HR Law Alert – Changes to Casual Employment

HR Law Alert – Changes to Casual Employment

Many employers across Australia employ casual employees.  Many employers however are not aware of, or across the details of the industrial changes that passed through Federal Parliament on 26 March 2021.

The Fair Work Act 2009 (“Act”) was amended by the Fair Work Amendment (Supporting Australia’s Jobs and Economic Recovery) Act 2021, to include significant changes to the workplace rights of casual employees.

Importantly these changes are already in play.  These changes took effect on Saturday 27 March 2021

Below HR Law sets out what you need to know.

Casual employment – what has changed?

There are three big takeaways from the amendments to the Act. They are:

1. There is now a definition of what is “casual employment” under the Act.

2. Casual employees have rights to convert to permanent employment.

3. Employers will need to give casual employees a Casual Employment Information Statement which is available on the Fair Work Ombudsman’s website. 

What does this mean?

There is a lot in the amendments to the Act that employers need to be across, and very quickly.  A brief summary is below.

What is a casual employee?

A casual employee is now defined under the Act.  An individual will be a casual employee under the act where:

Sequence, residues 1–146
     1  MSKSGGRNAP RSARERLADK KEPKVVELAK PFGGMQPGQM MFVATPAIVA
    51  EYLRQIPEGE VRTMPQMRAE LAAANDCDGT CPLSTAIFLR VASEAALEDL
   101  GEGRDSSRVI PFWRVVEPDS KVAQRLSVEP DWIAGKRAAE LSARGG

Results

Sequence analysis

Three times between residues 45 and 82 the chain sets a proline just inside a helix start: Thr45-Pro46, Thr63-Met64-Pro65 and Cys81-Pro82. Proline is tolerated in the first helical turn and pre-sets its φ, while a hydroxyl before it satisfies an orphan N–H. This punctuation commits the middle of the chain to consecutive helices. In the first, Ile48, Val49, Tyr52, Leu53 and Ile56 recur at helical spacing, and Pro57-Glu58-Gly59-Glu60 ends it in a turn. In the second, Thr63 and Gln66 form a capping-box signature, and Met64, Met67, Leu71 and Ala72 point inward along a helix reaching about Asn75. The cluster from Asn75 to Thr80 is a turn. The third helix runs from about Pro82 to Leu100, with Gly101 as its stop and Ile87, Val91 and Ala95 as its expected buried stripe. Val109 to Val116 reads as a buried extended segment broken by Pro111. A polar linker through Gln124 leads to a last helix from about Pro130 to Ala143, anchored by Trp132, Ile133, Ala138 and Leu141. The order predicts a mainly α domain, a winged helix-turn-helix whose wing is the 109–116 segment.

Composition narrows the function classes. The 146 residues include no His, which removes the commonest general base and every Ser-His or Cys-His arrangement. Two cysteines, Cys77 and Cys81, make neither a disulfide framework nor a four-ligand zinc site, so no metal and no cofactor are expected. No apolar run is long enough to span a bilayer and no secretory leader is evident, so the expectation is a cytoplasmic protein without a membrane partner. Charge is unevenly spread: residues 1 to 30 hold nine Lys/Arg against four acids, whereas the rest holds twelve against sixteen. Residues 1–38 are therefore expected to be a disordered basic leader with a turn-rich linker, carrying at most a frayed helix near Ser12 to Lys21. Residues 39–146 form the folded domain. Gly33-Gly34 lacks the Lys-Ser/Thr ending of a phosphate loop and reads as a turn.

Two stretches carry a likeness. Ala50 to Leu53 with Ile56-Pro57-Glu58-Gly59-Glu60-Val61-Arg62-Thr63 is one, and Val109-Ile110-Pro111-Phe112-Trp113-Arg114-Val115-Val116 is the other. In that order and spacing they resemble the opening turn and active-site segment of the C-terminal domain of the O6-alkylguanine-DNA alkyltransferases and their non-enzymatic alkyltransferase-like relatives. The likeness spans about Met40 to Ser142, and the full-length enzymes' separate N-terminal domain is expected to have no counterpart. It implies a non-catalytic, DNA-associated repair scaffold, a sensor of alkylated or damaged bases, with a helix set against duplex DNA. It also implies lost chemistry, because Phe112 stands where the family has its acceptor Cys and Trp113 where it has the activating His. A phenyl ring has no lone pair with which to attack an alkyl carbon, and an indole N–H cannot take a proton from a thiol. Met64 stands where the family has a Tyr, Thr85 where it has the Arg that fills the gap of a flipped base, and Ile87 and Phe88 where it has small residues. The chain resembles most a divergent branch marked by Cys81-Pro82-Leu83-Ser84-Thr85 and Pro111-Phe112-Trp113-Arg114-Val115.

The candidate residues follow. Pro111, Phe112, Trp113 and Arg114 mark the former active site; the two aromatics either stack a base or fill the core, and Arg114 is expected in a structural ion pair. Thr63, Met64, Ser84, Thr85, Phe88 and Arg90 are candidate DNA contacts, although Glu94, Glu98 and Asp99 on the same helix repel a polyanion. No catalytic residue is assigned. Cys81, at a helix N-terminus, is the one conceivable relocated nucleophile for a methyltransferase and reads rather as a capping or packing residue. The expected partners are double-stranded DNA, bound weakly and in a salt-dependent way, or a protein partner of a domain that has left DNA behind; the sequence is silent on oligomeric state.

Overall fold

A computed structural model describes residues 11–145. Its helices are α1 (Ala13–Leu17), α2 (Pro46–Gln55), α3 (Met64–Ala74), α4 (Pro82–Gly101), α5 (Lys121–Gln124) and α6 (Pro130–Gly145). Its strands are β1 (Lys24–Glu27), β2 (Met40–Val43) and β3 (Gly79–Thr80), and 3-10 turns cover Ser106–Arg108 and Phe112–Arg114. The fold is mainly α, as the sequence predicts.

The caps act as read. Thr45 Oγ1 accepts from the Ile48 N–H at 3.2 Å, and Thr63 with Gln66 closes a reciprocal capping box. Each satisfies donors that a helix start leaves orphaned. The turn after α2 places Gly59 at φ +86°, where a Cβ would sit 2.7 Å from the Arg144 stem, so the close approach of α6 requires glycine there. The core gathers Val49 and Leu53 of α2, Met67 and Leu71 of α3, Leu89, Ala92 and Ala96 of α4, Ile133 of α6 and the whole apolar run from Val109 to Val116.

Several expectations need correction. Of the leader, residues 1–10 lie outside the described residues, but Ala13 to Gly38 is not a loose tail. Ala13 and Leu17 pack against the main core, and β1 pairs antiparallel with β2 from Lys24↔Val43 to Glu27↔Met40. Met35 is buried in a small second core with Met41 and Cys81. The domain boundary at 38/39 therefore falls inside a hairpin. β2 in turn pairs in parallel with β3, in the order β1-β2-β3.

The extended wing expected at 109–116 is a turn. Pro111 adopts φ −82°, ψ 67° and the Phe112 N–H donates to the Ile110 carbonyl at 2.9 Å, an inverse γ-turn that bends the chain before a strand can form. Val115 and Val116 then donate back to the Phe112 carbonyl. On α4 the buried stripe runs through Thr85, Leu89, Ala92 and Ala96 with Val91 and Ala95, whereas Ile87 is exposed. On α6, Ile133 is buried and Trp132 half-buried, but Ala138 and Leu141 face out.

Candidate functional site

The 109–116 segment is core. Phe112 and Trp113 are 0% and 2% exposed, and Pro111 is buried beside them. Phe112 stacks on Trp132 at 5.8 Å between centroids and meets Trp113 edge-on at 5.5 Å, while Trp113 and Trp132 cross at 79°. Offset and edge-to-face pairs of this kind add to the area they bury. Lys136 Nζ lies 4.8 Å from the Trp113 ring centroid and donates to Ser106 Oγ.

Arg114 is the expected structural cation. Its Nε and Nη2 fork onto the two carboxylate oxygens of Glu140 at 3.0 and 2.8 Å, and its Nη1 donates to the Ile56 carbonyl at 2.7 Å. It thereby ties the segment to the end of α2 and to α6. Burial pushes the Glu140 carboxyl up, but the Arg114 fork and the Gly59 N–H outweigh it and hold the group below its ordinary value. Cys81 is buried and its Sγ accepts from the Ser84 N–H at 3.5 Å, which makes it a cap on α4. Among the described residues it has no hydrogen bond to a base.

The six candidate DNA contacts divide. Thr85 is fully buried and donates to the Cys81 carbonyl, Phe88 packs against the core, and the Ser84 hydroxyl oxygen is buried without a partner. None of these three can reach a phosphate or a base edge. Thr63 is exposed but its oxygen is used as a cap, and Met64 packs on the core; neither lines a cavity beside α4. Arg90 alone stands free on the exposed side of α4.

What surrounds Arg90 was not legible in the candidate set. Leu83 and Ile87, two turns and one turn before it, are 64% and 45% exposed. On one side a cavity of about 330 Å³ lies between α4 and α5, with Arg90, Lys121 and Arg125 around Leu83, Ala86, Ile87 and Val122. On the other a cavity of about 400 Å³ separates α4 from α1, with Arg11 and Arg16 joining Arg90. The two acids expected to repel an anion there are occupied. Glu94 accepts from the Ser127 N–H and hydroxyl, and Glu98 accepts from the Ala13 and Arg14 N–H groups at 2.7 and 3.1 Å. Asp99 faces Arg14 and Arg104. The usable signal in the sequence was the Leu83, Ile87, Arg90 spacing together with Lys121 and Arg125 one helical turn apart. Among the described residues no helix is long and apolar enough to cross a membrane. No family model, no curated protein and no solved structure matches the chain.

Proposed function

• They are offered a job;
  • The offer does not include a firm advance commitment that the work will continue indefinitely with an agreed pattern of work; and
  • They accept the offer on that basis. 

The amendments to the Act also provide guidance on what is a “firm advance commitment” and that the question of whether a person is a casual employee is assessed on the basis of the offer of employment made and the acceptance of that offer, not on the basis of any subsequent conduct of either party.

What are the casual conversion rights?

Many modern awards have casual conversion options, which give employees the right to request conversion to either full-time or part-time employment.  The Act now includes under the National Employment Standards (“NES”) a right to casual conversion.  The new provisions in the Act place a much more onerous burden on employers than the modern awards do.  The Act now requires that employers must offer a casual employee to convert to full-time or part-time employment where the employee:

  • has worked for their employer for 12 months
  • has worked a regular pattern of hours for at least the last six of those months on an ongoing basis
  • could continue working those hours as a permanent employee without significant changes.

There are also strict compliance requirements under the Act in respect of making offers and responding to offers that employers will need to be able to demonstrate they meet.  

Where there are “reasonable grounds” as defined by the Act not to make an offer of conversion to a casual employee, the Act requires the employer to communicate this to the impacted employee in writing.  Small businesses as defined by the Act are also exempt from the requirement to offer conversion to permanent employment, however casual employees of a small business employer are still entitled under the Act to make a request for conversion to permanent employment which must be responded to in accordance with the requirements of the Act.